Breaking News
More () »

Lakeville neighborhood fights to get railcars out

For several years, a neighborhood has been fighting a sight it doesn't want to see anymore. Railcars are being stored right off of people's backyards.

<p>Railcar. Credit: Ellery McCardle</p>

LAKEVILLE, Minn. -- For several years, a neighborhood has been fighting a sight it doesn't want to see anymore. Railcars are being stored right off of people's backyards.

Residents believe it puts kids in danger and the sight is an eyesore.

They now have more than 300 signatures on a petition on Change.org (https://www.change.org/p/ban-progressive-rail-s-residential-rail-car-storage-in-lakeville-mn?source_location=minibar) to try and ban the storage of railcars in Lakeville.

"You can see that's our view looking out our back window is just the trains and the graffiti and it's not a very pretty sight," said Trisha Kennedy, showing KARE 11 News her backyard. She said when she moved into the neighborhood eight or nine years ago she was told the railroad wasn't used and likely wouldn't be in the future.

But not long after, railcars showed up in her backyard and while they are moved from time to time along the track, she has stared at cars for most of the past several years.

Kennedy and others are worried about the graffiti that shows up on the cars and the danger to people who climb the cars.

"We have five kids so you worry about them seeing others kids doing things and wanting to do that too," said Kennedy.

Pam Steinhagen told KARE 11 News she is worried that someone will get hurt, esepcially since there is a middle school nearby.

"It shouldn't be like this," said Brian Harrison, who lives across the street from the railroad tracks.

Mayor Doug Anderson says the city has no control over this line which is under federal authority and is operated by Progressive Rail. The company is storing cars for its clients until business picks up.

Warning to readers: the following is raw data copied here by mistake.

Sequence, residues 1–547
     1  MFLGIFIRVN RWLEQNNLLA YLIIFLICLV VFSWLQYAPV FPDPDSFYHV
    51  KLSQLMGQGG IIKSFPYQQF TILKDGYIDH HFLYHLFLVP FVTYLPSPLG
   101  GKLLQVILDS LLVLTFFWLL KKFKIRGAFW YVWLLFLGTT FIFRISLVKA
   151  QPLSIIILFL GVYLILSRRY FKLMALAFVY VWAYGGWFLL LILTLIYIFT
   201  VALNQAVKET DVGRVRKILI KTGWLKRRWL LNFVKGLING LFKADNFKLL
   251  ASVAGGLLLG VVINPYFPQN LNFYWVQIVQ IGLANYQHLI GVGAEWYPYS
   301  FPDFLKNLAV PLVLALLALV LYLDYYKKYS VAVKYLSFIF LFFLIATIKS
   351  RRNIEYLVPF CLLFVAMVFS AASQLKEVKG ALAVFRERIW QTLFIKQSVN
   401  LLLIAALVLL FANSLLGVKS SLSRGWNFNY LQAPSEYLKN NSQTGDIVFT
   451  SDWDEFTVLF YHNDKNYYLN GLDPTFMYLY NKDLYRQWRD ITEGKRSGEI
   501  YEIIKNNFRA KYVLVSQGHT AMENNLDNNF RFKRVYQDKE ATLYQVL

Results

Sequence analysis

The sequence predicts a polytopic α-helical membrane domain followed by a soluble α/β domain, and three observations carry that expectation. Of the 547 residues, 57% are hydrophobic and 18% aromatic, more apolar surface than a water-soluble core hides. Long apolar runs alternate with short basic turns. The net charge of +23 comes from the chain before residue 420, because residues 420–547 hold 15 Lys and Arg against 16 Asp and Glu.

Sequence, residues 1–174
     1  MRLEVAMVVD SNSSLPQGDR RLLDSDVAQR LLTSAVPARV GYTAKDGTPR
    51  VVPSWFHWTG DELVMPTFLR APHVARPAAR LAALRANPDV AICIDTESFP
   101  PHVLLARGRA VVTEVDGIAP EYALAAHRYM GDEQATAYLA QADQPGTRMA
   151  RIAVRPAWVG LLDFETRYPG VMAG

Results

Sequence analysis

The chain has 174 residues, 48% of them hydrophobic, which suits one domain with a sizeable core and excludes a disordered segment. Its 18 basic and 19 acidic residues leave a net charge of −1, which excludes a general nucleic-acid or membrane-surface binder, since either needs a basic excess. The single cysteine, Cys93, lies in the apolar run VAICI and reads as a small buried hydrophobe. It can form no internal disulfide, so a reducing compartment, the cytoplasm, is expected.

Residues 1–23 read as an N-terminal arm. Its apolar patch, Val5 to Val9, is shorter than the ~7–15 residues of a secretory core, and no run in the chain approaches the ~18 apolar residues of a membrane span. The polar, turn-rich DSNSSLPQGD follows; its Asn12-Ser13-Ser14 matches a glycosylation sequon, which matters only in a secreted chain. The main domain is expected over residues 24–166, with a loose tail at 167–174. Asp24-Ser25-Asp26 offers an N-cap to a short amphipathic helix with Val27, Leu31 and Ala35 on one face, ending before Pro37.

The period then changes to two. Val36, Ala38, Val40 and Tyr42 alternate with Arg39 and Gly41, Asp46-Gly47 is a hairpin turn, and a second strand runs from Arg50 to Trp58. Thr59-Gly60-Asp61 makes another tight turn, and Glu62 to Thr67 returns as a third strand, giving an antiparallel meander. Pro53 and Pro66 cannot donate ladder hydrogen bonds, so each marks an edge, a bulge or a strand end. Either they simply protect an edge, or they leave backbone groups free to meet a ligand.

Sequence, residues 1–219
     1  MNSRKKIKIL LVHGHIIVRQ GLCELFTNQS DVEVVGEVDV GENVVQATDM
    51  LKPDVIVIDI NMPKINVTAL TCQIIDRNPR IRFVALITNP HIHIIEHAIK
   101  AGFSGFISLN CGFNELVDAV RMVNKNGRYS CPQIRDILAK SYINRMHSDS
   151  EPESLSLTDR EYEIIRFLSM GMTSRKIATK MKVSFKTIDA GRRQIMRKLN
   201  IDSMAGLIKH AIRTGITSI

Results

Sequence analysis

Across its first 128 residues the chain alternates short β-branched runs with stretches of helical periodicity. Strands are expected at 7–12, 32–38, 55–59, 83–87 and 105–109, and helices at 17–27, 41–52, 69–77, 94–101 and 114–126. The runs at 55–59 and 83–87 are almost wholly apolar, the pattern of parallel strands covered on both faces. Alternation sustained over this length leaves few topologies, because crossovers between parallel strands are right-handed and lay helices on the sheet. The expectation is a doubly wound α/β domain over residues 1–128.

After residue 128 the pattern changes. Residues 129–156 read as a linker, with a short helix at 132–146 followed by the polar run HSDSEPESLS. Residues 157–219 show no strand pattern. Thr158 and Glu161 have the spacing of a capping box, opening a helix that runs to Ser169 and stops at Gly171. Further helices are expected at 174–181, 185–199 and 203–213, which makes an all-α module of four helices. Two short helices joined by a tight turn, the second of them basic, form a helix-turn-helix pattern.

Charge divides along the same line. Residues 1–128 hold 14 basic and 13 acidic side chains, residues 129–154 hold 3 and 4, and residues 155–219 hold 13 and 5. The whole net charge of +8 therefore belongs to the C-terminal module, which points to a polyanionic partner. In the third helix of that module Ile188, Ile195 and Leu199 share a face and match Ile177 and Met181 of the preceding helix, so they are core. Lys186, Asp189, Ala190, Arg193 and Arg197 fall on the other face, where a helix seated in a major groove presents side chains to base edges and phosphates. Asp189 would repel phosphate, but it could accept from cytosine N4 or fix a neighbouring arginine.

While Anderson said he sees the value of the rail company and the business it generates for the city, he wants the discussion to continue.

"I'm actively having conversations with the residents as well as Progressive Rail, but this isn't something that's going to change overnight. We need to have the conversations, we need to increase the dialogue and then we need to work together to see if we can find a way to navigate through this so we can get to a solution," said Anderson.

He's hopeful a sit-down discussion can happen between all parties.

In January, the city adopted its 2017 legislative priorities, which includes a position of trying to have Minnesota's lawmakers in Washington D.C. create rules that would prohibit storing railcars within urbanized neighborhoods without the consent of the City of Lakeville.

The owner of Progressive Rail, Dave Fellon, told KARE 11 News, that last week he moved 20 cars out of the area and if the economy and optimism grows in the rail industry, his best guess is that all of the cars could be moved out by fall.

"We want to be a good neighbor," he said.

At the same time, Fellon said he wants to be a good partner for the corporations he works with to store the empty cars.

He said he is responsive to all residents' phone calls and emails and that his teams works to immediately remove graffiti from cars.